A conversation with a well-known Architect-Developer Jonathan Segal about the evolution of his business model and the strategic advantages it gives him
When people need funding for a project, they often form a company, sell shares in the company, and use the money from those sales to fund their business. That’s how many real estate developers raise capital for their deals as well. They form an LLC (limited liability company) for a given project, sell shares in that company (to people who will share in the profits for that project), and use the money raised from selling shares in order to buy or build real estate. The legal document they use for this transaction is called a “PPM,” short for Private Placement Memorandum. Here’s an outstanding example of a PPM, produced by my guest’s company. In this episode we’ll be talking about this all-important system and the ins-and-outs of raising capital for real estate deals using PPMs.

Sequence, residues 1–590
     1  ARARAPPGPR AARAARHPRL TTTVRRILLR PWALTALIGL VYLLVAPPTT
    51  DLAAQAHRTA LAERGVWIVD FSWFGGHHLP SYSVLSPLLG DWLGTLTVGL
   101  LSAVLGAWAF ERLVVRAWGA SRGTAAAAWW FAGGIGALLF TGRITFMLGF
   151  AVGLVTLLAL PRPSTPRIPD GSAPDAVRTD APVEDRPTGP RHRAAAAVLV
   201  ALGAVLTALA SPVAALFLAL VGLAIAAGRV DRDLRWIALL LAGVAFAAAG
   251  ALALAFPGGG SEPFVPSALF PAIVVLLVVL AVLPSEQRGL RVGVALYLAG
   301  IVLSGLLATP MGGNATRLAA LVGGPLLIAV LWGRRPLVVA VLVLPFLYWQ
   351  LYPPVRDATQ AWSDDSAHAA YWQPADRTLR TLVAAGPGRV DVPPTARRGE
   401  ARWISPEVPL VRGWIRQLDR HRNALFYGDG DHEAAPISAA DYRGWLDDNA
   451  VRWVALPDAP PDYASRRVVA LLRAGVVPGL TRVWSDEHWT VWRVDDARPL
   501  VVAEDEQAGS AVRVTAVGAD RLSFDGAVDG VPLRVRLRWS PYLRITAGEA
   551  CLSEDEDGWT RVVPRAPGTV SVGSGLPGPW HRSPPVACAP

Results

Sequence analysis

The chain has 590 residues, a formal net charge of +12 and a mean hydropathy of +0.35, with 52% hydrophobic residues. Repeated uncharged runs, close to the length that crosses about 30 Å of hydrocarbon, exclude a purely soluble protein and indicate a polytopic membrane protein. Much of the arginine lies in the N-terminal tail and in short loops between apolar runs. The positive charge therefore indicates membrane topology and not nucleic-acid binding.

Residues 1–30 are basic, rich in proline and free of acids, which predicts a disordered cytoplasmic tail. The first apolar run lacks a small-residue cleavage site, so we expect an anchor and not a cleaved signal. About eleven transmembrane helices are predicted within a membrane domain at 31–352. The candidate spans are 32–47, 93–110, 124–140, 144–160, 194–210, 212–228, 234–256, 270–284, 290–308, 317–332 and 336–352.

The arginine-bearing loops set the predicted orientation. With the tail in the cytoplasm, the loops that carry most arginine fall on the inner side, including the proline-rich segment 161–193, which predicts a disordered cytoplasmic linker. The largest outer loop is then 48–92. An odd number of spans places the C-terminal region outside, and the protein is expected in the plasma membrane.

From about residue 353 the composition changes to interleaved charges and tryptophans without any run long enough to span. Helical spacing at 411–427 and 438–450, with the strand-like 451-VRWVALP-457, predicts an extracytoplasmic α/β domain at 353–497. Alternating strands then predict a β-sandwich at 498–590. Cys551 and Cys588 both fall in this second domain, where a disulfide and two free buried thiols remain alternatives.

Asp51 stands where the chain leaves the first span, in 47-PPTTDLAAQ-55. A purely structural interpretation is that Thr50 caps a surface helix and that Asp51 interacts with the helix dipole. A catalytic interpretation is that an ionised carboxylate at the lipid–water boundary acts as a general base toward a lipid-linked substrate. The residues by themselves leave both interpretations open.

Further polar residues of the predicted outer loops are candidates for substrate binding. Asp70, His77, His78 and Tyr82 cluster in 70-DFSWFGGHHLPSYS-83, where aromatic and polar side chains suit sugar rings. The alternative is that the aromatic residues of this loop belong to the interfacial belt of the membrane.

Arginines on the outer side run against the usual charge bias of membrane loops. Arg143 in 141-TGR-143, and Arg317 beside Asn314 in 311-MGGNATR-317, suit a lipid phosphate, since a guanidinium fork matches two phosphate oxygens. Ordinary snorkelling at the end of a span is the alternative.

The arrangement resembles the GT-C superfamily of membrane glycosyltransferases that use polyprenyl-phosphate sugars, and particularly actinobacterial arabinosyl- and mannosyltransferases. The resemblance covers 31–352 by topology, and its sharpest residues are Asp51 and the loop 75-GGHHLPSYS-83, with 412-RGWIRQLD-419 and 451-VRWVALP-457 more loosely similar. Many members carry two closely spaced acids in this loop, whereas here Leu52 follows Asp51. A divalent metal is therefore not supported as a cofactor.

My guest is Doug Ruark, whose company Reg D Resources has created over 4500 PPMs for companies of many kinds. In our chat we discussed the legal background for raising funding (00:19), the components of a PPM (7:13), the workflow for creating a PPM (18:53), getting lists of investors for 506c placements (26:54), who can actually sell the securities (29:16), selling shares as debt vs equity (38:04), whether people offer rates that are too high or too low (41:11), equity waterfalls in PPMs, which we also discuss earlier in the episode (43:37), investor audits of proceeds (46:30), and legal exposure (49:48). Hope you enjoy it!
Here are a few links to topics we discuss in the episode: overview of laws that affect securities, full-text of the Securities Act of 1933, full-text of the Regulation D exemption, the SEC’s overview of the different programs (504, 506b, and 506c), Form 1A (which is used as a questionnaire of investors for very high-grade investments), Form D (which is submitted to the SEC within 15 days of starting a raise), the SEC’s description of what a “broker-dealer” is, notes from FINRA about their Series 7 exam (required if you’re going to sell other peoples’ PPM), and an outline of the material on an exam which may be soon replacing the series 7 (the Securities Industry Essentials Test).